Environment: Project Management and Work Breakdown Structure Essay

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CHAPTER FOUR

Defining the Project
Lecturer: Dr James Rotimi

McGraw-Hill/Irwin
Copyright © 2011 by The McGraw-Hill Companies, Inc. All rights reserved.

Where We Are Now

'Ergonomics for Log Truck Drivers

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Lesson Objectives
• To recognise the importance of scope statements as a condition for project success
• To layout guidelines for creating a work breakdown structure (WBS) for a project • To demonstrate the importance of WBS to the management of projects and how it serves as a database for planning and control

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Steps involved in Project Definition
Step 1: Defining the Project Scope

Step 2: Establishing Project Priorities
Step 3: Creating the Work Breakdown Structure Step 4: Integrating the WBS with the Organization Step 5: Coding the WBS for the Information System

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Step 1: Defining the Project Scope
• Project Scope
Defines the end result or mission of a project - a product or service for the client/customer - in specific, tangible, and measurable terms.

• Purpose of the Scope Statement
–To clearly define the deliverable(s) for the end user.
–To focus the project on successful completion of its goals. –To be used by the project owner and participants as a planning tool and for measuring project success.
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Project Scope
1. Project objective – why?
2. Deliverables – what?

3. Milestones – what, when, who?
4. Technical requirements – how? 5. Limits and exclusions – what?

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Project Scope: Terms and Definitions
• Scope Statements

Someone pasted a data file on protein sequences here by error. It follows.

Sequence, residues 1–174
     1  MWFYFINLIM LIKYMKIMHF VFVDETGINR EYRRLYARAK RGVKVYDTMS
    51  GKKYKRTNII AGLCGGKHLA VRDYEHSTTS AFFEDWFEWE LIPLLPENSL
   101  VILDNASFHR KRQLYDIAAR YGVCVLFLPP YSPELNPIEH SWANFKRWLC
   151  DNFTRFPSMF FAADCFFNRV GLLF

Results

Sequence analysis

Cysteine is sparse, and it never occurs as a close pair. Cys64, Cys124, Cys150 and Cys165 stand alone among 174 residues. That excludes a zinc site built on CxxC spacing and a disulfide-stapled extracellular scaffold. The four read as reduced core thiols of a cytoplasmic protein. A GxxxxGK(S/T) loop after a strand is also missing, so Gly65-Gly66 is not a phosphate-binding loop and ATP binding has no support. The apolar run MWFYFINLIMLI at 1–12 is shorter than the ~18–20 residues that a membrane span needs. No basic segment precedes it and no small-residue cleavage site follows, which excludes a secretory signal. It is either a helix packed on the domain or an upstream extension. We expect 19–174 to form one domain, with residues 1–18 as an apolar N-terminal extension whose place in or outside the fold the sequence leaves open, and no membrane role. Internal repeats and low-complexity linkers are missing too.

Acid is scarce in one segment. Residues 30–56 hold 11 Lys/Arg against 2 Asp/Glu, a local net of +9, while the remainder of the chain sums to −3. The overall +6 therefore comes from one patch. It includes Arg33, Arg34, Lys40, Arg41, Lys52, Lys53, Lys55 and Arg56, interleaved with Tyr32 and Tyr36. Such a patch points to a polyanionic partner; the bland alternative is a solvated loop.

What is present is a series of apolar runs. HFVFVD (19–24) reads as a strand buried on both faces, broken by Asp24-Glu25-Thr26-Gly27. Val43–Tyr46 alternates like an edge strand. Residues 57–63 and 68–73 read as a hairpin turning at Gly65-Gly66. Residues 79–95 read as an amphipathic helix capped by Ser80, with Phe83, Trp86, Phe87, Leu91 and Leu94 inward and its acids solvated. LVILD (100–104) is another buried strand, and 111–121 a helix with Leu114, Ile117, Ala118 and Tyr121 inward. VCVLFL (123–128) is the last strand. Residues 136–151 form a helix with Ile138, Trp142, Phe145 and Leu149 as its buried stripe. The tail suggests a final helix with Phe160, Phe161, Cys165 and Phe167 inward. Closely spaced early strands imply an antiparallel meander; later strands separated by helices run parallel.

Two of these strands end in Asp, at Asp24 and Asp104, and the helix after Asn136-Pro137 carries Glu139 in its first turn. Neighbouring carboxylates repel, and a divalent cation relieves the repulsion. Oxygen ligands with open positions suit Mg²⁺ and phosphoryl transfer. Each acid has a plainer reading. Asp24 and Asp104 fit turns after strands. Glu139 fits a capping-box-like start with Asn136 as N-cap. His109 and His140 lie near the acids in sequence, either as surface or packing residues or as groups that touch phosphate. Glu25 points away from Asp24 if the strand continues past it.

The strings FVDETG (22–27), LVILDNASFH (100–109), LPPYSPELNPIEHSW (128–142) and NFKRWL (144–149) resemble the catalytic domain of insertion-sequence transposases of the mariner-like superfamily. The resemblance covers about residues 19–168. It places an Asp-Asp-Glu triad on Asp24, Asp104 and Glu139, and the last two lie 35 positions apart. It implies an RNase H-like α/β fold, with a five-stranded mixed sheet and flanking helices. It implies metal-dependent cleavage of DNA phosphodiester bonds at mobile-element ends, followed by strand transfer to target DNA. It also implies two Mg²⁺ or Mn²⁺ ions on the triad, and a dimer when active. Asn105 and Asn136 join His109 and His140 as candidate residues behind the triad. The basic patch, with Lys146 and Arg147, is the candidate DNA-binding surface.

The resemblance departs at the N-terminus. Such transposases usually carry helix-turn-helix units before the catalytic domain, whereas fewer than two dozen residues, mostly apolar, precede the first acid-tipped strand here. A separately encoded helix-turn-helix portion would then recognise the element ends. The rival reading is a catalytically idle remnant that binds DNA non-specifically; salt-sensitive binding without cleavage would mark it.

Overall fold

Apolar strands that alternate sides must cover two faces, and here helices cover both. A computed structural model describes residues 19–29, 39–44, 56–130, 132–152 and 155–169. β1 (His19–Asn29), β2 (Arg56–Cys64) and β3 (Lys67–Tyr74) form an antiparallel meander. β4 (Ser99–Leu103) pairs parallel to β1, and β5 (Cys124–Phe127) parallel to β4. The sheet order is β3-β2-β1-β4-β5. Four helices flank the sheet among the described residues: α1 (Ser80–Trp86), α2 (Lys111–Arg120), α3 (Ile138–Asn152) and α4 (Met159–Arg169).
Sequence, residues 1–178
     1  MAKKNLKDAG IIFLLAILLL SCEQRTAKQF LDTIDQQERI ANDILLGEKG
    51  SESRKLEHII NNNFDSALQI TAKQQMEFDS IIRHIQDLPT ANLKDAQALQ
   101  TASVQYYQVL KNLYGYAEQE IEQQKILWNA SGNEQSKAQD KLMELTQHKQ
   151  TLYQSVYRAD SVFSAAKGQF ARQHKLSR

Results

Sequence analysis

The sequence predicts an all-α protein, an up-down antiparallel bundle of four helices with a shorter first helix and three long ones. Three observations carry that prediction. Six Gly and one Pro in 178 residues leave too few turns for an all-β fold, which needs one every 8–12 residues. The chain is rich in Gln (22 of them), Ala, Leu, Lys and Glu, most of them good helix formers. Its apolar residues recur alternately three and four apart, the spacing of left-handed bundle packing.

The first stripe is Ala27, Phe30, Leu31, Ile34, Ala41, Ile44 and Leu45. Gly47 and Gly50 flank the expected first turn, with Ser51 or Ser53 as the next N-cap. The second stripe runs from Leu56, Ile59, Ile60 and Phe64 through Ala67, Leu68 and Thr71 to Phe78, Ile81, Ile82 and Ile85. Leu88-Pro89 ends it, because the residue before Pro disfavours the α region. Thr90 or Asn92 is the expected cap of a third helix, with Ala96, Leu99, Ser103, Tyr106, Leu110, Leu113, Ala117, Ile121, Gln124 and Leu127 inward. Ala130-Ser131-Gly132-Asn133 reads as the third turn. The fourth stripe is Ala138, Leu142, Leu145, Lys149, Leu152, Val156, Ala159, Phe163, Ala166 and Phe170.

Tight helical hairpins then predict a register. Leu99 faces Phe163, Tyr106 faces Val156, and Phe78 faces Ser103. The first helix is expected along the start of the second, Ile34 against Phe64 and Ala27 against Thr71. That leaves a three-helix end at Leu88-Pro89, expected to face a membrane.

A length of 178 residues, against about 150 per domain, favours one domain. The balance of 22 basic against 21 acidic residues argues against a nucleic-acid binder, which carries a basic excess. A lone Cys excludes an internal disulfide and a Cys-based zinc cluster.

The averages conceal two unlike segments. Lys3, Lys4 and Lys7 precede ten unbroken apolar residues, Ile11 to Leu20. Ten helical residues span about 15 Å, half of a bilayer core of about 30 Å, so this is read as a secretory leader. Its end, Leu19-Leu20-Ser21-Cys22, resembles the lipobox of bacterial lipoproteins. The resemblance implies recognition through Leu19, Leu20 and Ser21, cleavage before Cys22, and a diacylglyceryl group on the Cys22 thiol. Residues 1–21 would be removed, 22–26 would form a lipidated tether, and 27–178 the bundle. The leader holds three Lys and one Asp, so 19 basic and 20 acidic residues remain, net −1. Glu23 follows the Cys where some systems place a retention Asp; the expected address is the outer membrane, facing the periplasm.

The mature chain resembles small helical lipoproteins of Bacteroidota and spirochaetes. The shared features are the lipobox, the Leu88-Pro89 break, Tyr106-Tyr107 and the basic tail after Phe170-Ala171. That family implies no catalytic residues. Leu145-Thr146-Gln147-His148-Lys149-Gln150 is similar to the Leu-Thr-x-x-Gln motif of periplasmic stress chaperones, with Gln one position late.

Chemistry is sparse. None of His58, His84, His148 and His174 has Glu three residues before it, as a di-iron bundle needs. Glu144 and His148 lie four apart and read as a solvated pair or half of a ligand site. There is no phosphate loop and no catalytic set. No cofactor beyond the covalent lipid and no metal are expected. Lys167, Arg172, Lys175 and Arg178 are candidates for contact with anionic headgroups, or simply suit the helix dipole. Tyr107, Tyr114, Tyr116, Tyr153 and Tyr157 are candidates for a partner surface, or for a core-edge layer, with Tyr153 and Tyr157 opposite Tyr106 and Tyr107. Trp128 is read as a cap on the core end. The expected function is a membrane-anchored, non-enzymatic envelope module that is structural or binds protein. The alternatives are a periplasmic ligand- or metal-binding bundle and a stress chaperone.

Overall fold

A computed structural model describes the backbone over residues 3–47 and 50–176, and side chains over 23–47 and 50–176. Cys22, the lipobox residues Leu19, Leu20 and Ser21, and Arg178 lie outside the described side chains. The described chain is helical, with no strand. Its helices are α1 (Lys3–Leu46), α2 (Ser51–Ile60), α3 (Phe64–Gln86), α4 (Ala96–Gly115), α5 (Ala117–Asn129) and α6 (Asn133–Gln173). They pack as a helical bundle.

–Also called statements of work (SOW)

• Project Charter
–Can contain an expanded version of scope statement –A document authorizing the project manager to initiate and lead the project.

• Scope Creep
–The tendency for the project scope to expand over time due to changing requirements, specifications, and priorities.

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Example (p105)

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Project Scope Checklist
1. Project objective
2. Deliverables 3. Milestones

4. Technical requirements
5. Limits and exclusions

6. Reviews with customer

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Step 2: Establishing Project Priorities
• Causes of Project Trade-offs
–Shifts in the relative importance of criterions related to cost, time, and performance parameters
• Budget–Cost • Schedule–Time • Performance–Scope

• Managing the Priorities of Project Trade-offs
–Constrain: a parameter is a fixed requirement. –Enhance: optimizing a criterion over others. –Accept: reducing (or not meeting) a criterion requirement.

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Project Management Trade-offs

FIGURE 4.1
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Project Priority Matrix

FIGURE 4.2
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Step 3: Creating the Work Breakdown Structure
Work Breakdown Structure (WBS)
–An hierarchical outline (map) that identifies the products and work elements involved in a project.

–Defines the relationship of the final deliverable (the project) to its sub-deliverables, and in turn, their relationships to work packages.
–Best suited for design and build projects that have tangible outcomes rather than process-oriented projects.
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Hierarchical Breakdown of the WBS
* This breakdown groups work packages by type of work within a deliverable and allows assignment of responsibility to an organizational unit. This extra step facilitates a system for monitoring project progress (discussed in Chapter 13).

FIGURE 4.3
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WBS Presentation Types

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WBS Examples

(Nicholas & Stein 2012)

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Different Approaches to WBS
• Methodology-focused

• Objective-focused
• Physical decomposition

• Functional decomposition
• Geographical • Business function • Departmental

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WBS Examples

(Nicholas & Stein 2012)

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WBS Development
Some Guiding Rules
– 100% Rule: Includes 100% of the work defined by the project scope and captures all deliverables – internal, external, interim (in terms of the work to be completed) including project management – Anything that is not defined in the WBS is outside the scope of the project –Others…